When you fly a drone, it is necessary to keep visual contact with it at all times. Of course, you will be flying it in and out among trees, hills, buildings, and many other obstacles, making it difficult for you to use aids such as telescopes and binoculars to keep the aircraft in sight. So, the best thing you can do to avoid losing it is to maintain visual contact. Make sure to keep it in sight and a distance that allows you to monitor and control it effectively to avoid accidents.
When you are flying a drone, FAA regulations state that you must keep your drone in visual line of sight at all times. The exception for recreational flyers is the use of a visual observer. Commercial drone pilots can apply for a Part 107 waiver if they need to fly beyond visual line of sight.
Most countries have rules in place which require that you maintain visual contact with the drone whenever you fly it. This is called the visual line of sight (VLOS) rule, and the purpose is to limit your chances of losing sight and control of the drone.
The Line-of-Sight Rule
The Federal Aviation Administration (FAA) has instituted rules to help the public to fly drones safely when they venture out. The line-of-sight rule is intended to safeguard human life and reduce accidents.
Of course, there are exceptions to the rule. You can fly beyond visual line of sight rules in times of emergencies. For instance, the rules may allow you to fly beyond the visual line of sight when assessing the operational environment. They also allow a pilot to fly the drone in areas around large roofs if they believe that burglary is in progress. Also, they can fly over a heavily forested area when looking for a missing person.
Another notable exception is that you are able to use a visual observer to keep eyes on the drone while your eyes are elsewhere. More on that in a minute.
Whether you are flying a drone for recreation or as a professional, here are some of the rules you must follow:
Stay below 400 ft above ground level
The maximum allowable height is 400 feet or 121 meters. However, it would help if you always stayed below the max altitude. The main reason for this is to avoid collisions with manned aircraft such as airplanes. But you may need to check the rules applicable in your state. Some of them include:
Visual line of sight
Always ensure that you can see the drone at all times during your flight. Do not solely rely on the drone FPV camera or any other vision-assisted aids. Ensure that you can see the drone with naked eyes. If the fog and the clouds are obstructing your view, bring the drone down lower to where you can see it. Fog and cloud may impede your vision and make it difficult to see and control the drone.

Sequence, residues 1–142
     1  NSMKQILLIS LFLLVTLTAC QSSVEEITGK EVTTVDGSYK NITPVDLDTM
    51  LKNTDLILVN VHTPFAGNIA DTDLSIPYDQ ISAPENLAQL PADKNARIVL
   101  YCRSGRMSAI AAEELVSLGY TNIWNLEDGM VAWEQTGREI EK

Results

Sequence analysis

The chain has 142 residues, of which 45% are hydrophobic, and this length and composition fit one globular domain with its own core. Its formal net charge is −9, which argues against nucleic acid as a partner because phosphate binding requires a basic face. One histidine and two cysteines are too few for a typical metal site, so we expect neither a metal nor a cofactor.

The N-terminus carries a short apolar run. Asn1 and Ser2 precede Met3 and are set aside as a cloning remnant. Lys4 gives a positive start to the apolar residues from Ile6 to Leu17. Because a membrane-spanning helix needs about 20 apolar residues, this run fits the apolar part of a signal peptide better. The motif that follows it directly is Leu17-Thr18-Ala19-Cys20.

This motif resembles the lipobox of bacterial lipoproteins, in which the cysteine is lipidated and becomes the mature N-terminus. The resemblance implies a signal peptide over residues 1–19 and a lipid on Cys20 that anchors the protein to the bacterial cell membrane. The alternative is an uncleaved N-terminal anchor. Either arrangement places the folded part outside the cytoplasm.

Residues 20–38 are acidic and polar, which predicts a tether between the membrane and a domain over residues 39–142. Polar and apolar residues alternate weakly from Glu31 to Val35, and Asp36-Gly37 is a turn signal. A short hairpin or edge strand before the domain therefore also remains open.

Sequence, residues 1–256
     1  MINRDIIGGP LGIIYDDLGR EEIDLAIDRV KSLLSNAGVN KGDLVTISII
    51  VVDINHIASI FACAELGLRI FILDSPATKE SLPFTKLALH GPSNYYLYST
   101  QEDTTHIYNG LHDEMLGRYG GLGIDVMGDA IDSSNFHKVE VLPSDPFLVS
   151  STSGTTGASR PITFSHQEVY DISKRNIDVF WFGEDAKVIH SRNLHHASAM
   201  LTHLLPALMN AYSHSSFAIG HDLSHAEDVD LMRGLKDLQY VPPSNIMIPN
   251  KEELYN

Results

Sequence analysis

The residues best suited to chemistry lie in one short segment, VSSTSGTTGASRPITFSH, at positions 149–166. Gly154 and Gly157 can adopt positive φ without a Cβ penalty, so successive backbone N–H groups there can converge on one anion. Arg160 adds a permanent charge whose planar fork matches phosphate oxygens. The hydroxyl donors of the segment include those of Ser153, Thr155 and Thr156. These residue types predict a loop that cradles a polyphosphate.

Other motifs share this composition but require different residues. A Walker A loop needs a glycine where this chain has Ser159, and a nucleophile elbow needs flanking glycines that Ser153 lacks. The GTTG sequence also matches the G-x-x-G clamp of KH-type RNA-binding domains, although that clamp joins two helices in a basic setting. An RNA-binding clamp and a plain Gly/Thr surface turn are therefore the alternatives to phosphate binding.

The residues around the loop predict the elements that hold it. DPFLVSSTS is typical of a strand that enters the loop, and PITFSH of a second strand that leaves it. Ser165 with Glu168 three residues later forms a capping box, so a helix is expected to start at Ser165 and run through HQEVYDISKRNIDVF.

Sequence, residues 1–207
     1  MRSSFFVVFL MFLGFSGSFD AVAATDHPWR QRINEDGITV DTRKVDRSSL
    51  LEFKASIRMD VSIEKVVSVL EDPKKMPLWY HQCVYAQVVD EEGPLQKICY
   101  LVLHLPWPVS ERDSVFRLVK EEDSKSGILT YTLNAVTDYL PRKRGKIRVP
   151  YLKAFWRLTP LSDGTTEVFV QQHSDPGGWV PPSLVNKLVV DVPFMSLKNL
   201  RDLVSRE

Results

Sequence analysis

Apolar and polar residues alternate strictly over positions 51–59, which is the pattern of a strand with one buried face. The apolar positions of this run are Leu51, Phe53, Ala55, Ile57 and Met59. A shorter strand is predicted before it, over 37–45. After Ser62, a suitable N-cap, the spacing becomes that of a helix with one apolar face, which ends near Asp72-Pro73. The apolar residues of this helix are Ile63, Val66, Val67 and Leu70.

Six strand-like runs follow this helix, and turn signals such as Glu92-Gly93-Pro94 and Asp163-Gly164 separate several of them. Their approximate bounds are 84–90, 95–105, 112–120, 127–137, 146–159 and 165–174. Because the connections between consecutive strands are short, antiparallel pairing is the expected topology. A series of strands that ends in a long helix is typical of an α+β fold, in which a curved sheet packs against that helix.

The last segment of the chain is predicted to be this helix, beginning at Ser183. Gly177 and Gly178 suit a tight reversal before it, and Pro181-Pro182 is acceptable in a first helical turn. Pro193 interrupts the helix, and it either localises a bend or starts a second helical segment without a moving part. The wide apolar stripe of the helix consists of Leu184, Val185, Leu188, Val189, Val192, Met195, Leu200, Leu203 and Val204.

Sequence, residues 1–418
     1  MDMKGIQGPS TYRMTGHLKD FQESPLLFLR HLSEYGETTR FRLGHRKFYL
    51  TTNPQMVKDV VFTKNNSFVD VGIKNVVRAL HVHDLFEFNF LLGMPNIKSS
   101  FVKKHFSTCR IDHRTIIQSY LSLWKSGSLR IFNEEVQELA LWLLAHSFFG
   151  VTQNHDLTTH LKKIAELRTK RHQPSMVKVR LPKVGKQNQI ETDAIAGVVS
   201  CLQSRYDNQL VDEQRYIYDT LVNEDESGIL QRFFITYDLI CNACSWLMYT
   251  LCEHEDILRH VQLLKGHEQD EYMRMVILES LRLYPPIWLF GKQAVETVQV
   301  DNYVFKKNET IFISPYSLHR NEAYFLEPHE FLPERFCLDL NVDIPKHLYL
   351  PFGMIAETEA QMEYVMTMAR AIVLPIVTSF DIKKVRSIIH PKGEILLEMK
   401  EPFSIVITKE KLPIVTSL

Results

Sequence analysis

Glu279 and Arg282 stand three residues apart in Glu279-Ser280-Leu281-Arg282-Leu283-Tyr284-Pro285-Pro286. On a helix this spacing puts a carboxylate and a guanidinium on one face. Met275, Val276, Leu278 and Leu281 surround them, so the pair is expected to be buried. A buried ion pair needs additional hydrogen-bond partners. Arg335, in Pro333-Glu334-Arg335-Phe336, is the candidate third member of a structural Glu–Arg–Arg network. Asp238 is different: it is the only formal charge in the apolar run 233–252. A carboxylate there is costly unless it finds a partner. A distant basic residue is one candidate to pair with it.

The FAA-approved exception to this rule is the use of a visual observer. This is a second person who is standing near you, in clear and constant communication with you. If you as the pilot cannot keep your physical visual focus on the drone, for instance, if you are using FPV goggles, the visual observer can then do it for you.
Don’t fly the drone above people
It is fun to fly your drone on a popular beach. It will give you stunning images, to be sure, but you need to remember that flying a drone over people or a group of people is illegal and is therefore not permitted. Always, ensure to fly your drone away from populated areas, public places, and stadiums.
Fly as per a set of community guidelines
Your local authority may have instituted a set of rules that regulate flying drones. As such, you need to check and ensure that you observe the rules. If there are no local authority rules to reference, the country’s aviation authority suffices.
Options for commercial drone pilots
If you are flying as a commercial drone pilot, and the job you’re doing requires that you fly your drone beyond your visual line of sight, you can accomplish this legally by filing for a Part 107 waiver. This waiver will be specific to the job and to the exact type of exception needed.
Once your waiver application is accepted, you will be able to fly your drone beyond visual line of sight for specific jobs and for specific purposes, as outlined in your waiver application.